The European Union on Tuesday added ten countries and territories to its blacklist of tax havens, including the United Arab Emirates, with Cabo Verde remaining on the “grey list,” according to official information released in Brussels.
European finance ministers approved the return of the United Arab Emirates, Barbados and Marshall Islands to the blacklist for failing to honour their commitments, as well as the inclusion of Aruba, Belize, Bermuda, Fiji, Oman, Vanuatu and Dominica.
“Following the listing process, dozens of countries have adjusted their tax regimes to international standards of transparency,” said European Commissioner for Financial Affairs Pierre Moscovici.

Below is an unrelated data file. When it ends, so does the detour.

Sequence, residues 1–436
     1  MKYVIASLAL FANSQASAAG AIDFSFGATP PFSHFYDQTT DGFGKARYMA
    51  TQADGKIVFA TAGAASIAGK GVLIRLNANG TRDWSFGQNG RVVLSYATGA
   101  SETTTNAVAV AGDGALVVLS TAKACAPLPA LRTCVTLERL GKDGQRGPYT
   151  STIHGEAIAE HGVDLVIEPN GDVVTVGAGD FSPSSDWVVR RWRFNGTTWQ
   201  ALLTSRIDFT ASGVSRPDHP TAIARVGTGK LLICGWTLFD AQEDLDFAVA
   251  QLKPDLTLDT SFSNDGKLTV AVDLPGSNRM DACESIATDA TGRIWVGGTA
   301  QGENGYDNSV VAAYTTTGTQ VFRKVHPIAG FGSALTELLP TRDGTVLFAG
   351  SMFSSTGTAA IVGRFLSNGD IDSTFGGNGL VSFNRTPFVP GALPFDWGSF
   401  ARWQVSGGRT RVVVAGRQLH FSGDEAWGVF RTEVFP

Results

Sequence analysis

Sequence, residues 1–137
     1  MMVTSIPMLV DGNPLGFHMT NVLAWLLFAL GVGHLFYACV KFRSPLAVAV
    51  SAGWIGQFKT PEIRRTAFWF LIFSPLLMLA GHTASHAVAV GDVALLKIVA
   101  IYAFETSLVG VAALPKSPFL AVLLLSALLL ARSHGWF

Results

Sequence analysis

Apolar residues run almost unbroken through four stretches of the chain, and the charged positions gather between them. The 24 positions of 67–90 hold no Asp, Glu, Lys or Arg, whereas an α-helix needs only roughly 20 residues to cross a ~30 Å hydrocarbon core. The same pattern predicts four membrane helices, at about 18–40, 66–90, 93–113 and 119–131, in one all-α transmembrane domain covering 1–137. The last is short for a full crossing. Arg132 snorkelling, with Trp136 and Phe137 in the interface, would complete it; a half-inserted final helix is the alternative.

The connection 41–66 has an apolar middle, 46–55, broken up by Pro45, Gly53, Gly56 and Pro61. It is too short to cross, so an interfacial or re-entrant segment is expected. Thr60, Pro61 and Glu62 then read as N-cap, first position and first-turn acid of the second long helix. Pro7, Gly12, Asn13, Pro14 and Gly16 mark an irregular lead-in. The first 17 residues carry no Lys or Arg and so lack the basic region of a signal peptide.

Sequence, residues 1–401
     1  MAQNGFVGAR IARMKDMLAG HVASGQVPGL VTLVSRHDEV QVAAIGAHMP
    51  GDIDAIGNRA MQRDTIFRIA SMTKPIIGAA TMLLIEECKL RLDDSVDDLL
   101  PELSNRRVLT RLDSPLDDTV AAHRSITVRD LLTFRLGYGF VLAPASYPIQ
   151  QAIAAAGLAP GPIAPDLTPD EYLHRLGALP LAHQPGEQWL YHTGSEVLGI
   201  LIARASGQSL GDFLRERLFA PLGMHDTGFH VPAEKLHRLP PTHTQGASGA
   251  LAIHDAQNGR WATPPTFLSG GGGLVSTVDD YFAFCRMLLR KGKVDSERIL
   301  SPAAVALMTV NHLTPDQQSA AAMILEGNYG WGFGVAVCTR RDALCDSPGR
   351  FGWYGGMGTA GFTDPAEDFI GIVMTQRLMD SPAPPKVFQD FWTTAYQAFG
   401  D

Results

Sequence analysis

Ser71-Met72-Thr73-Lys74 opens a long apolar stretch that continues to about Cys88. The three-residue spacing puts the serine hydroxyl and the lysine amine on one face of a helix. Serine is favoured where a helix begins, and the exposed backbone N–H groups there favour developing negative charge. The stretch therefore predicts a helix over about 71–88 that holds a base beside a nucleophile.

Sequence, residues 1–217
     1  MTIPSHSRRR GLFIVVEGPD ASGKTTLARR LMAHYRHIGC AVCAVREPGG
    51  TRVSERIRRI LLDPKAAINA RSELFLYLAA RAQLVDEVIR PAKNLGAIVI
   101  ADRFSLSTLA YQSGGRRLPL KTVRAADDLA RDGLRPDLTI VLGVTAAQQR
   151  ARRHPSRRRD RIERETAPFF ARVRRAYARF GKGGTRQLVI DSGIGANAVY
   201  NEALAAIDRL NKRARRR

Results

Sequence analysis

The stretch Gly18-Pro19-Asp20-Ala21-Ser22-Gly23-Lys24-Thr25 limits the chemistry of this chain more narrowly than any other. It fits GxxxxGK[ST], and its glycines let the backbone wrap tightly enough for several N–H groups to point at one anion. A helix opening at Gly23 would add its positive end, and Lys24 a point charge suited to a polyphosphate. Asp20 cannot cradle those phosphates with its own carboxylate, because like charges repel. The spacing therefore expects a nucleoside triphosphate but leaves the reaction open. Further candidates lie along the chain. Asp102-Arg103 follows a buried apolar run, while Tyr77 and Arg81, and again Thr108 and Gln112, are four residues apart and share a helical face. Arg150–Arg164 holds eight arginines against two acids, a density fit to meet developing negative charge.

In December 2017 European Union adopted its first list of so-called tax havens following the disclosure of the “Panama Papers,” in which a law firm set up businesses for customers to pay taxes in their countries of origin.
Twenty-five jurisdictions that were previously on the blacklist or greylist (a second category of countries with weaknesses that they committed to fighting) were no longer a cause for concern, including the territory of Macau, which was on the blacklist in December 2017, from which it moved to the greylist the following month (January 2018), where it had remained until now.
The statement said that “another 34 jurisdictions have already taken many positive steps to meet the requirements but must complete their work by the end of 2019 to avoid being included in the blacklist next year,” including Cabo Verde, which has been on the greylist for over a year. (Macauhub)